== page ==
Biography All Music Guide
All Music Guide:
Guitarist Cash McCall has segued from gospel to soul to blues over a distinguished career spanning more than three decades. Born Morris Dollison, Jr., he found that the best way to exit his rural existence was to enlist in the Army. After completing his hitch, he relocated in Chicago (where his family lived for a time when he was a child). Gospel was Dollison's initial passion -- he sang with the Gospel Songbirds (he also played guitar with the group, recording with them for Excello in 1964 with fellow future R&B hitmaker Otis Clay singing lead) and the Pilgrim Jubilee Singers.
He waxed his first secular single, the two-part workout "Earth Worm," for One-derful Records' M-Pac! subsidiary in 1963 as Maurice Dollison. In 1966, he made a demo of a soul number called "When You Wake Up" that he had penned with producer Monk Higgins. He was doubtless shocked to learn of its subsequent release on the Thomas label, billed to one Cash McCall! The tune proved a national R&B hit, sending the newly christened McCall on the road with Dick Clark's Caravan of Stars (others on the bill: Lou Christie and Mitch Ryder).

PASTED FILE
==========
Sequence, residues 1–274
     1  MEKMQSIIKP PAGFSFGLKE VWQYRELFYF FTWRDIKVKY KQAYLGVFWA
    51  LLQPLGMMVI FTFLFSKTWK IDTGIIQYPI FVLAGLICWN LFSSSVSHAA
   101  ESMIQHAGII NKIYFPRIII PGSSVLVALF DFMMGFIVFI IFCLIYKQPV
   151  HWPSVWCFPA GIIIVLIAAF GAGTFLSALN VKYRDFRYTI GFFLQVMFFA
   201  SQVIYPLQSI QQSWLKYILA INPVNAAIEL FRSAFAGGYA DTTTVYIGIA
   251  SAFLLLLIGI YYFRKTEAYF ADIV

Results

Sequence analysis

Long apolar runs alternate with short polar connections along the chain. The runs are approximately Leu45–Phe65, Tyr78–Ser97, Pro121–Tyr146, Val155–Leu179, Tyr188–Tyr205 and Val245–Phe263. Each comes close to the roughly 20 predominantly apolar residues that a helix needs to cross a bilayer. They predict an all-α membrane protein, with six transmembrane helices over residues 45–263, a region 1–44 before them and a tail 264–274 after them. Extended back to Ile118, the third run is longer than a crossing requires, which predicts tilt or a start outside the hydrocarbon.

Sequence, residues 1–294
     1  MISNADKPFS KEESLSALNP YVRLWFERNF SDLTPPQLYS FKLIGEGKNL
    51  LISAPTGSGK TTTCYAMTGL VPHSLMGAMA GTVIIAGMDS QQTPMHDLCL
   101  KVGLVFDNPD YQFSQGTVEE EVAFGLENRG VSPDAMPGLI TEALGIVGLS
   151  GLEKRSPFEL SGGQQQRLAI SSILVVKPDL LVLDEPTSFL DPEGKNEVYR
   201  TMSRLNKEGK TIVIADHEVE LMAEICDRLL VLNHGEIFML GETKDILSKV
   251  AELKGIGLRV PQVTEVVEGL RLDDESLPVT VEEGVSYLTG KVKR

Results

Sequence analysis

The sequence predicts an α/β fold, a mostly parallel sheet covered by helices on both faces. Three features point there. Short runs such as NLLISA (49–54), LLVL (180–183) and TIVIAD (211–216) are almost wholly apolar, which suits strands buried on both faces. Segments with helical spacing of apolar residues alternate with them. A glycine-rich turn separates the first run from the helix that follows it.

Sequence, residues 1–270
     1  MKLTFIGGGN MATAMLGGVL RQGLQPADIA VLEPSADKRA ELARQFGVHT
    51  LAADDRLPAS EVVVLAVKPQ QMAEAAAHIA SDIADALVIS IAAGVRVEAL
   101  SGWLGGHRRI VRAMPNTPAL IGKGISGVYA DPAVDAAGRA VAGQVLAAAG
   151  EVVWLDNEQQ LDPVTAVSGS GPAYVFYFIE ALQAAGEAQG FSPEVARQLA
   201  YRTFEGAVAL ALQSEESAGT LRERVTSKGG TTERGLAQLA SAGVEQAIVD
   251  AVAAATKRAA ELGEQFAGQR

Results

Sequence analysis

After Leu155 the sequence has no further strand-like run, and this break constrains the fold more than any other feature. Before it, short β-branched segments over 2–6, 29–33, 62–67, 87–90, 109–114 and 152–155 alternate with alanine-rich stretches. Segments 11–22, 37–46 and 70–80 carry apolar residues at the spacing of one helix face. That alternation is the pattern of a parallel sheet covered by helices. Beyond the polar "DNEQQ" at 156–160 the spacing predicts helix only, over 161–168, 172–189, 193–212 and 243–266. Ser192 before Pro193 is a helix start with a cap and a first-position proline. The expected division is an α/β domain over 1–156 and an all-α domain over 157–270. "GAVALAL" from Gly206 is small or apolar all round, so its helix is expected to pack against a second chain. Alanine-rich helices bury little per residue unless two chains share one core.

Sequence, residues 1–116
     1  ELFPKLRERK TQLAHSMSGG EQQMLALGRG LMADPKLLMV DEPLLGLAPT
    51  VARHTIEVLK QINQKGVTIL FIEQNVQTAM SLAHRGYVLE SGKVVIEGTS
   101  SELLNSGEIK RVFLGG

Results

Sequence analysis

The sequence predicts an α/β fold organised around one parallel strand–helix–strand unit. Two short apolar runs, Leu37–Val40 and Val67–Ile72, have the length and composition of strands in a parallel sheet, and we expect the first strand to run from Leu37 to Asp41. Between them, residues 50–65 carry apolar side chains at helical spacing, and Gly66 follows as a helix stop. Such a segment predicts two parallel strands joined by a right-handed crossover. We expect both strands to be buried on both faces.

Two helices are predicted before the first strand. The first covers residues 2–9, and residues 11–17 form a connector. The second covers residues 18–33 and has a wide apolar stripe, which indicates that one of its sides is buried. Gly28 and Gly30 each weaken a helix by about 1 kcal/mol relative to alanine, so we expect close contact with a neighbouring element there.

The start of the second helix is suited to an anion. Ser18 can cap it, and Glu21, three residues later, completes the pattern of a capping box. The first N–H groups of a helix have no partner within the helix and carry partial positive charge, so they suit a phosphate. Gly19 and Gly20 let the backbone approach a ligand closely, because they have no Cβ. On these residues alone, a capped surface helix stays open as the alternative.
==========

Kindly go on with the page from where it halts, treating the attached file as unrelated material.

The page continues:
Similarly tasty R&B follow-ups for Thomas and Checker failed to hit the same commercial heights. McCall was a valuable session guitarist and composer at Chess, learning the business end of his trade from Chess in-house legend Willie Dixon. McCall's blues leanings grew more prominent during the next decade. He cut an LP for Paula in 1973 called Omega Man before relocating to L.A. in 1976. In 1983 McCall released his first solo record in ten years, No More Doggin', and followed it up with Cash Up Front in 1987. McCall's ties to Willie Dixon remained strong, he co-produced Dixon's Grammy-winning Hidden Charms in 1988 and worked as a sideman with Dixon's band, the All-Stars. McCall has since toured frequently as a solo blues artist and has often appeared on stage with the Chicago Rythym and Blues Kings (who were formerly known as the Mellow Fellows), backed singer Big Twist, and performed in the Chicago Blues Review.